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Futures Flat After Opening-Day Jump

Wall Street was a little indecisive before trading Tuesday, with stock index futures little changed. The market is coming off a strong first day of trading for 2010, with the Dow up about 1.5 percent.

Investors will likely take their cue from economic reports scheduled for the morning.

Appropriately enough, one of the market drivers will be December auto sales, forecast to come in at a seasonally adjusted annual rate of 10.9 million vehicles, which would match the November rate. Ford will be the first of the big U.S. automakers to report at approximately 12 noon New York time.

The National Association of Realtors will be out with pending home sales for November, with forecasts calling for a drop of 5 percent for the month. That would follow a gain of 3.7 percent in October. That's out at 10 am, along with the government's November report on factory orders. Economists think factory orders rose 0.5 percent for November, following a 0.6 percent increase in October.

Kansas City Fed President Thomas Hoenig has the day's only scheduled Fed appearance, making a morning speech in Atlanta at 8 am.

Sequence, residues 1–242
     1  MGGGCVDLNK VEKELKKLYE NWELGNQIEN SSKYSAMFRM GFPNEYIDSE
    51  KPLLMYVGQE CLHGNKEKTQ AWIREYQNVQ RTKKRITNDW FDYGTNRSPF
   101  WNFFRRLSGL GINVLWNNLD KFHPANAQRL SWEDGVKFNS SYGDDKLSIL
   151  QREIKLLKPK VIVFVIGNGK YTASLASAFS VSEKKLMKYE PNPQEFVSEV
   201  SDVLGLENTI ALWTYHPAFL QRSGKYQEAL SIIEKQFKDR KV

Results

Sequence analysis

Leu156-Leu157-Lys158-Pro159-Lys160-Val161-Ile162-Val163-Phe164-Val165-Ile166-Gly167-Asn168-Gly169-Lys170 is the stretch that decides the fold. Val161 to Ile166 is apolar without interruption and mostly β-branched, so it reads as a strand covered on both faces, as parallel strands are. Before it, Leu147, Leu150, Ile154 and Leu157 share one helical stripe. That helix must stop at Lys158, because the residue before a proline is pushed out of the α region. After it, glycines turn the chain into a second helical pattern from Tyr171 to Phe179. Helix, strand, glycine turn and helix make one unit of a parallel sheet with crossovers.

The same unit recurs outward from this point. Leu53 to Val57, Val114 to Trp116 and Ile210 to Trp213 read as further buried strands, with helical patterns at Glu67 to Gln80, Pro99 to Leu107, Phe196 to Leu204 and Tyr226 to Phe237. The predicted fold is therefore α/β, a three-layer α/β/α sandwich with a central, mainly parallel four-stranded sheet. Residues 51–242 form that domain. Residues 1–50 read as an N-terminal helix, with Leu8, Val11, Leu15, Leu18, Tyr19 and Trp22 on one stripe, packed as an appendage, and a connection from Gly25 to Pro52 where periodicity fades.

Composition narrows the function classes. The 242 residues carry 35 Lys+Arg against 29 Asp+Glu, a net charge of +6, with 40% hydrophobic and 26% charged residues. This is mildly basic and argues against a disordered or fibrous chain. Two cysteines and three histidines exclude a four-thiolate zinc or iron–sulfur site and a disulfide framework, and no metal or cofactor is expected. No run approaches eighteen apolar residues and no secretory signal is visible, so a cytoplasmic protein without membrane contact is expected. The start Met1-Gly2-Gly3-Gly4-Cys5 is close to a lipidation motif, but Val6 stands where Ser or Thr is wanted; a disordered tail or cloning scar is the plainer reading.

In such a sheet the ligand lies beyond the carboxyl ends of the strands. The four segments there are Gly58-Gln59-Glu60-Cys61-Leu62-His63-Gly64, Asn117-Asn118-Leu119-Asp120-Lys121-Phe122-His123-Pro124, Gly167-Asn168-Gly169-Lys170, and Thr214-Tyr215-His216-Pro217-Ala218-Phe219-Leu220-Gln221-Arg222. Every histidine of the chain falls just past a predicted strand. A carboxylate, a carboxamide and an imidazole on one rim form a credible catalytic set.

In early stock movements, Radio Shack shares jumped nearly 7 percent after Goldman Sachs raised the electronics retailer to a buy rating and pushed its price target to $25 from $21.

Investors will follow the continuing saga of Kraft and Cadbury this morning: Kraft raised the cash portion offer for Cadbury, using funds from a $3.7 billion dollar sale of its pizza business toNestle. Cadbury quickly rejected the new offer.

Nokia launched yet another patent lawsuit against Apple, as a legal battle between the two escalates over patents used in its iPod and iPhone products. All this comes on a significant day for the smartphone market, as Google is expected to unveil the long-anticipated "Nexus One" smartphone at an event at its Mountain View, Calif. headquarters.

Winterizing Your Portfolio - A CNBC Special Report
Winterizing Your Portfolio - A CNBC Special Report

And Continental Airlines' new CEO Jeff Smisek said he'll forego his annual salary and bonus until the company is profitable for a full year. Smisek had previously served as the airline's president and had received total compensation of almost $4.9 million in 2008.

- Written by Peter Schacknow, Senior Producer, CNBC Breaking News Desk